Wednesday, April 05, 2006

A 'Peace Journalist' on Adam Smith is Right

If a ‘peace journalist’ can get it right about Adam Smith and markets – that individual motives can have, collectively, either benign or malign consequences – why can’t some high-powered economists, who keep repeating the avoidable error that Adam Smith asserted that the ‘so-called invisible hand’ ensured that the actions of profit-seeking individuals always lead to benign consequences?

That is not what he wrote, meant or expected anyone to misinterpret. By putting it this way, they suggest falsely that Adam Smith provided an alibi for just about anything corporate managers do, including pollution, fraud, monopoly and rigged ‘markets’.

What a great pleasure it was to read John G. Scherb (of whom I know nothing else) in a ‘peace’ publication (a source of which I would normally be sceptical) writing about Adam Smith and markets correctly.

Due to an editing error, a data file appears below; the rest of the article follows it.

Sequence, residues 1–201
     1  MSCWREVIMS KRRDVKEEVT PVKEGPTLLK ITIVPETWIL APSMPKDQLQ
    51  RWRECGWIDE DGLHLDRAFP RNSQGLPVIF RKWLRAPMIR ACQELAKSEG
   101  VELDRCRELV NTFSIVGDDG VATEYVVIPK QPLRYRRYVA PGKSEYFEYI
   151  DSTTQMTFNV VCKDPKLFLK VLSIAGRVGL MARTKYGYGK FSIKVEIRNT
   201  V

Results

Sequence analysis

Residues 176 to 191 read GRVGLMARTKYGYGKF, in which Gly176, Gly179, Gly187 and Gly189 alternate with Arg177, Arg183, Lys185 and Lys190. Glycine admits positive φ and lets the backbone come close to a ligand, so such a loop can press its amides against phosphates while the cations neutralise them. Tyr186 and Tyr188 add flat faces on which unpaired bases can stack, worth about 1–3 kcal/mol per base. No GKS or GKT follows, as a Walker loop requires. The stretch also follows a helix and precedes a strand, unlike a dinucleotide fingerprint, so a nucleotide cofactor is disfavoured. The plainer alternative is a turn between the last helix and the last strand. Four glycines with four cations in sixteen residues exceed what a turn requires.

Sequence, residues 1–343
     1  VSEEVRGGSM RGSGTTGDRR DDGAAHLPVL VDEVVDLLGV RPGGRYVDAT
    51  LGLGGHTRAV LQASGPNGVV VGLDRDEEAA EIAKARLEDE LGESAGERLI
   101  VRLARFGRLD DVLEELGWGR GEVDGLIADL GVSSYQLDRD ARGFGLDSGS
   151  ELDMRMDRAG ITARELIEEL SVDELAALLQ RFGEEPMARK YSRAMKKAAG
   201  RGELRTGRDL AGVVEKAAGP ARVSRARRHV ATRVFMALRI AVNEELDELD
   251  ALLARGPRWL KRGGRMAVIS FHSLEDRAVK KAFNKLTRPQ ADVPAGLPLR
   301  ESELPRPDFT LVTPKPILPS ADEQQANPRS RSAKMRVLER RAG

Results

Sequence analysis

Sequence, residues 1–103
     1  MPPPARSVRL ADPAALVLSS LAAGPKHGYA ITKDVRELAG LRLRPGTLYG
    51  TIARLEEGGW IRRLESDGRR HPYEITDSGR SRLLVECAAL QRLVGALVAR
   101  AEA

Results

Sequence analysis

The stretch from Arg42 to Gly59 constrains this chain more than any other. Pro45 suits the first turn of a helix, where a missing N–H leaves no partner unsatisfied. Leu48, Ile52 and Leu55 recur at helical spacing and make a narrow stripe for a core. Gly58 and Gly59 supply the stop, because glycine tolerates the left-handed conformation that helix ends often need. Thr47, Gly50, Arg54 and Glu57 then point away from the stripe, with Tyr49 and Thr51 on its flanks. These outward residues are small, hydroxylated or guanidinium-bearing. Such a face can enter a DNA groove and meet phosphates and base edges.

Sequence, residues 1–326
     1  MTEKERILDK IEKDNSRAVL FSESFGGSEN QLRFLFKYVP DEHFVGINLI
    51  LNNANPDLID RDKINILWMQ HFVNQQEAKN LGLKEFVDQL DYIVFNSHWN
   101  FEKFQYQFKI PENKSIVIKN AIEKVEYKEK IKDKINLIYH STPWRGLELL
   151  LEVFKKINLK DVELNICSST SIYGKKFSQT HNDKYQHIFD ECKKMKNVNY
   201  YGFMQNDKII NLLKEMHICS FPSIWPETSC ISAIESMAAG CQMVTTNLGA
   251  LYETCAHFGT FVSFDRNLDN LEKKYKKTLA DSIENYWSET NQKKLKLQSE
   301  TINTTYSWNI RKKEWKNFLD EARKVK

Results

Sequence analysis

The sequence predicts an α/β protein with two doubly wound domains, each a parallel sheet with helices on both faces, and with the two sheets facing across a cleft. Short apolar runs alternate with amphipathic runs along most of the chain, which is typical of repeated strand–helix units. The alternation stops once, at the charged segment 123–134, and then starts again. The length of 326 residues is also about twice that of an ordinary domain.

John G. Scherb writes: ‘Trading Blocs, Global Interdependencies and Wars’ in Peace Journalism: independent emagazine, New Jersey, USA (issue 17 – April):

"In the last twenty years or so there have been many interesting trends and developments in the world. Perhaps none more so than the two mega-shifts concerning the huge growth in worldwide goods and services and the growing, some say virtually complete, interdependencies of the world's largest economies.

By and large, these two phenomena have resulted in much good for many people. The first of these, the explosive growth in international trade in goods and services is a well-documented phenomenon and is largely an outgrowth of post World War Two internationalism, now commonly referred to as "globalism". The theory is a simple one: In the search for profits following Adam Smith and successor's market theories, the greatest good for the greatest number will, over time, occur if market forces are honored."

Read the whole article (interesting in itself):


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